One of the reasons Christina Fuleihan ’19 came to Rollins was because of the College’s emphasis on service. For her Millennium Fellowship project, she was able to continue her prior work with a national student-led organization that offers personalized English-language tutoring to refugees. The goal of the project is to connect volunteer tutors from around the world with displaced refugees so that they can pass the Test of English as a Foreign Language (TOEFL) and advance their secondary-education opportunities.
“My role as a Millennium Fellow and campus co-director ultimately allowed me to add to and utilize the large arsenal of tools that participation in previous on- and off-campus service-oriented initiatives has afforded me. I’ve been fortunate enough to have been given the opportunity to directly facilitate the educational efforts of fellow students, and while individual change may be limited, it’s never insignificant.”
During his semester study abroad experience in Morocco, Isaac James ’19 developed his Friends of Migrants and Refugees project to increase the engagement and acceptance of migrants, refugees, and immigrants within Morocco. While studying at Al Akhawayn University (AUI) in the city of Ifrane, James worked with local students to host panel discussions and to develop both an English-language learning program as well as a Moroccan Arabic, or Darija, learning program for migrants and refugees. These programs—which the students are continuing to develop—work to break down barriers and misconceptions, creating empathy and inclusivity between the local AUI college students and migrant communities.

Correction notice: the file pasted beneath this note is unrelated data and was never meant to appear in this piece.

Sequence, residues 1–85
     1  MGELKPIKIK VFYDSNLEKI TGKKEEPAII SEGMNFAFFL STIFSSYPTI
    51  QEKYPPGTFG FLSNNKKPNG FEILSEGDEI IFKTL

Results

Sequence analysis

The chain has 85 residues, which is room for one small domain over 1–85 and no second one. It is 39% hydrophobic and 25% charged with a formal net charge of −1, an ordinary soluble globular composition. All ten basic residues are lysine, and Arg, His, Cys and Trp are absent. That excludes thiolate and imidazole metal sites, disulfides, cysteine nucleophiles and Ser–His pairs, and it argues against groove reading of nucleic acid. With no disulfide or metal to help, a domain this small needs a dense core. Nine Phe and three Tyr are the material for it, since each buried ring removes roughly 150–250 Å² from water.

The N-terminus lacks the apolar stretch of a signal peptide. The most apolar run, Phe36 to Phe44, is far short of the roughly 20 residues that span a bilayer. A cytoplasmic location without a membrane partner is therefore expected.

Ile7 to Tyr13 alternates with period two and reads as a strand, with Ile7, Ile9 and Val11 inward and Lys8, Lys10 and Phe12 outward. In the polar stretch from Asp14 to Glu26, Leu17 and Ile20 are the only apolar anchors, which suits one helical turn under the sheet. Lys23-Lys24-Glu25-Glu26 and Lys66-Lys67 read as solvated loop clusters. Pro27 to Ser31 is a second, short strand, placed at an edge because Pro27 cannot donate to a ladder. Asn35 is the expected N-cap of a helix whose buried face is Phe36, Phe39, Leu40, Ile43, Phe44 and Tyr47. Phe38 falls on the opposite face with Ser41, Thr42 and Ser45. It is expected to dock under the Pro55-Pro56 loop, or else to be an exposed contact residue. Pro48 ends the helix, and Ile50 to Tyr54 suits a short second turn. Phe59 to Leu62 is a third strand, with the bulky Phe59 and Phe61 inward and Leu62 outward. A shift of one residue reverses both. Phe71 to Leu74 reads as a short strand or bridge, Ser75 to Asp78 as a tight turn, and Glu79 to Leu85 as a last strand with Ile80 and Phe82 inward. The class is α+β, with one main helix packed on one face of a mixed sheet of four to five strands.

“In a world where there are so many issues, sometimes people feel like the problems are just too big to tackle. Through the Millennium Fellowship, I realized how many people are willing to fight anyway and to defy the odds. I always think we should try no matter what because we’re talking about somebody else’s well-being and the future of our world.”
Major: Computer Science
Sustainable Development Goal: No Poverty
UNAI Principle: Addressing Poverty
Passions: Education reform and data science for social good
Muniba Khan ’20 and Colin Brant ’20 looked critically at the role of microcredit in reducing poverty. The pair found several microcredit organizations in Florida and dedicated much of the fellowship to researching how these organizations function. The next step is publishing their findings in order to increase awareness about these alternative funding sources for different entrepreneurial projects that could be helpful for people in communities often overlooked by the traditional financial sector.
“If you have an idea that you feel can make a difference through social innovation, you're definitely not alone. Look around you at the people in your Rollins community. You’ll soon find an incredible amount of support from professors, staff, and peers excited to work hand in hand with you to make the world a better place. I’ve been looking for ways to pursue a high-impact career with my computer science degree, and this summer I'll be doing research in Boston with a program called Voting Rights Data Institute analyzing gerrymandering and U.S. districting. I attribute this new direction to my experience with the Millennium Fellowship.”
Sklyar Knight ’19 serves as the student ambassador of the Democracy Project, a non-partisan, student-run organization that seeks to engage students in the democratic process. It educates, facilitates, and supports community engagement with politics through voter-registration events, peer discussions, and round-table events with educators and political leaders.